21 November 2019
Due to the prevailing dry conditions, Council will be reducing unsealed road maintenance activities in the short-term.
Council’s Director Assets and Operations, Anthony McMahon, said the rural water extraction points used by Council to obtain water for road grading activities have dried up or become unusable because of access constraints.
“Although using potable water from towns is possible, and is already being accessed in some locations, it is not ideal as the waterpoints are often far from the grading location, leading to high transport costs and long turnaround times. Additionally, the actual cost of using town water is prohibitive,” Mr McMahon said.
“In order not to deplete water any more than is necessary and to share available water with other users and the environment, an operational decision has been made to reduce the grading frequency in some areas based on a risk assessment of the road conditions.
“Dry grading of the network has been considered but given the dust issues and the inability to compact the loose gravel, this is not a safe or desirable option.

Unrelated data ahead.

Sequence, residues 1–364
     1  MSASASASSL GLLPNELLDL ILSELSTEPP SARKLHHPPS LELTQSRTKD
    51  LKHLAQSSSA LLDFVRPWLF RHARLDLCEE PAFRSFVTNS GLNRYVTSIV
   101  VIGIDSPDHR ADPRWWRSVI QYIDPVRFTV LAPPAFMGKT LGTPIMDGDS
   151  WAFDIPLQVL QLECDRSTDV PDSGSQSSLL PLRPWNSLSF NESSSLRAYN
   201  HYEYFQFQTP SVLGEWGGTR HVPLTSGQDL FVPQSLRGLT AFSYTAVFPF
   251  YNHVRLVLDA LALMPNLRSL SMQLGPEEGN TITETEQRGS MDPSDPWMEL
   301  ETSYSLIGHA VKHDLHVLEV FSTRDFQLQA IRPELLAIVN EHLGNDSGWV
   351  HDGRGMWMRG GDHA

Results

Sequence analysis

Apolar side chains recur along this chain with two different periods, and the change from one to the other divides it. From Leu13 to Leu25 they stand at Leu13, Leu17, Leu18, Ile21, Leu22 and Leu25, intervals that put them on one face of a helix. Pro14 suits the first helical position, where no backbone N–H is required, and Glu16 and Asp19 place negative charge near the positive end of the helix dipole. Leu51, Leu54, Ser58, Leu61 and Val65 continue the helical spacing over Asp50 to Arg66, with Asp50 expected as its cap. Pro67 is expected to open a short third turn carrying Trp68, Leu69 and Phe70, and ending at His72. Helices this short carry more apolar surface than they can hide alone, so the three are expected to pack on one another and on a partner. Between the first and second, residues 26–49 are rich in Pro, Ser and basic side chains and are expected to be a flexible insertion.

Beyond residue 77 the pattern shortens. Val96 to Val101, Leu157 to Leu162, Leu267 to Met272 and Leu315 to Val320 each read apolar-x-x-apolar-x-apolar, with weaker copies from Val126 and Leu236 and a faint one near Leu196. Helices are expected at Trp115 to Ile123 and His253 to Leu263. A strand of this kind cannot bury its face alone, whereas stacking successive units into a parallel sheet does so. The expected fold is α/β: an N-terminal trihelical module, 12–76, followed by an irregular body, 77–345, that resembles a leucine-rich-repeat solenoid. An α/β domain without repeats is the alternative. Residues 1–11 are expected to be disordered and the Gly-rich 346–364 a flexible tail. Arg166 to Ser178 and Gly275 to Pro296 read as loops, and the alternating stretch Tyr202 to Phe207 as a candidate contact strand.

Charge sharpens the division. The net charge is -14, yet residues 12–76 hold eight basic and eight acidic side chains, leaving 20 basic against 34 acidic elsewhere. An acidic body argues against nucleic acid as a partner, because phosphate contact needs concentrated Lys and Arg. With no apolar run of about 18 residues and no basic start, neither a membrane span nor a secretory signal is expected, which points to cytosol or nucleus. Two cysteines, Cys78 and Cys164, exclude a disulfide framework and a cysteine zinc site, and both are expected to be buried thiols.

“For these reasons some roads will not get all of their annual scheduled grades until either alternative water sources have been identified or there is sufficient rainfall to re-establish the existing waterpoints.
“Council is actively pursuing other options with relevant agencies and individuals, including the use of brackish water from some of the tidal waterways, access to private dams and using recycled water from our treatment plants,” Mr McMahon said.
Monitoring and inspections of the unsealed roads will continue and identify those that are most in need of maintenance, with school bus routes being a priority.
For more information contact Council’s Road Maintenance Coordinator Cliff Shipton, on (02) 6499 2222 or email email@example.com
Photograph: Due to the prevailing dry conditions, Council will be reducing grading activities in the short-term.